Data access

Australia-US negotiate Cloud data sharing

Australia and the United States have begun negotiations which could see law enforcement and security agencies on both sides of the Pacific gaining access to data held on cloud platforms in the other country.

Formal negotiations for a bilateral agreement under the US Clarifying Lawful Overseas Use of Data Act – otherwise known as the Cloud Act – began this week.

If formalised and approved the agreement will require service providers in Australia and the United States ‘to respond to lawful orders from the other country without fear of running afoul of restrictions on disclosure and thus provide more access for both countries to providers holding electronic evidence that is crucial in today’s investigations and prosecutions,” says United States Attorney General William Barr.

In plain English, the Cloud would require cloud and social network providers in Australia to hand over data relevant to serious crime when requested by US law enforcement agencies, and vice versa. The Act removes some of the barriers to gaining access to the data which the US says can take between six months to two years, with requests for data being submitted first to the relevant government for approval. The Cloud Act aims to reduce that to weeks or even days.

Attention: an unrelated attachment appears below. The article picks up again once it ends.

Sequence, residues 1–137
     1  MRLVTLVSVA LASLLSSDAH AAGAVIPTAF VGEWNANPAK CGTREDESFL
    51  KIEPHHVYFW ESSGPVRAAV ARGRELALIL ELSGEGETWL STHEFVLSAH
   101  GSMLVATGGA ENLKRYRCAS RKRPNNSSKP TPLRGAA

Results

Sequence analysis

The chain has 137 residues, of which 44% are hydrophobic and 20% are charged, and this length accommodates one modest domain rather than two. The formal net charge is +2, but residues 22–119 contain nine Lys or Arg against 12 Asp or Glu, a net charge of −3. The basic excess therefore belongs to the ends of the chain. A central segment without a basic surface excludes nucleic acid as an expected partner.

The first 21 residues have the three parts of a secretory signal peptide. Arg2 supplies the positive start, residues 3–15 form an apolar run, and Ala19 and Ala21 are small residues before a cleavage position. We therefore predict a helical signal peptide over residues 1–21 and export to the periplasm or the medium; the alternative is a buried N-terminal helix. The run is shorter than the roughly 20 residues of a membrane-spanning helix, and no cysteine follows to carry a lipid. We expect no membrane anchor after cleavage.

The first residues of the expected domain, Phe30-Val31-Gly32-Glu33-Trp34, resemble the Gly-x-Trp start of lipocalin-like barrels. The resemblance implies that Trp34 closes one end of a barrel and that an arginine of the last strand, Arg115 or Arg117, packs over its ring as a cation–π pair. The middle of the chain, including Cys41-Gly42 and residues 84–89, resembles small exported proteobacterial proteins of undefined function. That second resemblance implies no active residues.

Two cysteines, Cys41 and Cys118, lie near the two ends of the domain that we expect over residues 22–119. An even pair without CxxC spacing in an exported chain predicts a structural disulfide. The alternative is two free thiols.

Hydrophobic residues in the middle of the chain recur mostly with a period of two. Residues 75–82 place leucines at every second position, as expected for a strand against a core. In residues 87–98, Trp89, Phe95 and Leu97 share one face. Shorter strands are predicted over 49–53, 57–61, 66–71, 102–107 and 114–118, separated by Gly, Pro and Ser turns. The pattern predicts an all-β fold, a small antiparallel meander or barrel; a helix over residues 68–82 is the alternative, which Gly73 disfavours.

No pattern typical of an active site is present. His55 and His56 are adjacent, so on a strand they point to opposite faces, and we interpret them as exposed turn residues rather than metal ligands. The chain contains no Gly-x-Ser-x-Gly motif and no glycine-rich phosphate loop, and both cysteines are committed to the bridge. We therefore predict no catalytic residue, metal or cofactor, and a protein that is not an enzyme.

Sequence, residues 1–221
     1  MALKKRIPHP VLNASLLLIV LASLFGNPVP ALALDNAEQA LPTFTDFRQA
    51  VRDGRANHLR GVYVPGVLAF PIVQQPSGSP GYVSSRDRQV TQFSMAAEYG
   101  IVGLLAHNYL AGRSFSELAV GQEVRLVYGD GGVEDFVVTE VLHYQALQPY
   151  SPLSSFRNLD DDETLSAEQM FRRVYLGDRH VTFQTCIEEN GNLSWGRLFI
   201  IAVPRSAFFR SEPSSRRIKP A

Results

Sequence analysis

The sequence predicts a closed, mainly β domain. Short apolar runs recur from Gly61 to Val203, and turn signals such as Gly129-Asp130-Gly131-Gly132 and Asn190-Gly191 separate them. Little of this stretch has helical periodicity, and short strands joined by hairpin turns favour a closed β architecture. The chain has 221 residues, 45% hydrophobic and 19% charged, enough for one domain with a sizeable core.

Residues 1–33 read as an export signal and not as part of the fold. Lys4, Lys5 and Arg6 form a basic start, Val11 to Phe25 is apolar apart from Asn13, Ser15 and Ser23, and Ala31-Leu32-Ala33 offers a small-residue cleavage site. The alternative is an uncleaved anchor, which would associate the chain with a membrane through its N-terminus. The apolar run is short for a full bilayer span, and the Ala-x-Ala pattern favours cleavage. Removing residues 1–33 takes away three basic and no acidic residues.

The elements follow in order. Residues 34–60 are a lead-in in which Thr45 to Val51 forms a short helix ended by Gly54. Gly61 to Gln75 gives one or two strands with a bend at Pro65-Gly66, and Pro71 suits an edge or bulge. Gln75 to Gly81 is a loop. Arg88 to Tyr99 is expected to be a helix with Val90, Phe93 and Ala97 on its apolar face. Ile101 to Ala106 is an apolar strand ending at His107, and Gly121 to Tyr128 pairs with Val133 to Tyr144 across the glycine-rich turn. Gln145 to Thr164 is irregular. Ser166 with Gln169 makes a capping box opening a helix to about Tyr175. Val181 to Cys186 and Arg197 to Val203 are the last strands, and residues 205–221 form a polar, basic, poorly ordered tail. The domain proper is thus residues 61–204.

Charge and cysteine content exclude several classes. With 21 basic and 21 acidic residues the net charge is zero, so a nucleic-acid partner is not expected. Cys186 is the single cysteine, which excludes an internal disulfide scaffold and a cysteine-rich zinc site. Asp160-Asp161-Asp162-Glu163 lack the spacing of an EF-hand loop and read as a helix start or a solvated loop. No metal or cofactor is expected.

The opening of negotiations comes just a week after the US signed a similar ‘world first’ data access Cloud Act deal with the UK.

New legislation would need to be written and passed in Australia before the deal could become official.

Australian Minister for Home Affairs, Peter Dutton, says “We have some way to go before the agreement is finalised, but once in place it will mean service providers based in the United States can respond directly to electronic data requests issued by our enforcement agencies under Australian law for data critical for the prevention, detection, investigation and prosecution of serious crime.”

Dutton current processes for obtaining electronic information held by service providers in other countries risk loss of evidence and unacceptable delays to criminal justice outcomes.

“When police are investigating a terrorist plot or serious crime such as child exploitation, they need to be able to move forward without delay, but within the law – and the Cloud Act strikes exactly that balance,” Dutton says.

“This is the way of the future between likeminded countries.”

The negotiations come as the Australian, US and UK governments call on Facebook to hold off on  its plans to deploy end-to-end encryption across Messenger, Instagram and WhatsApp messaging.

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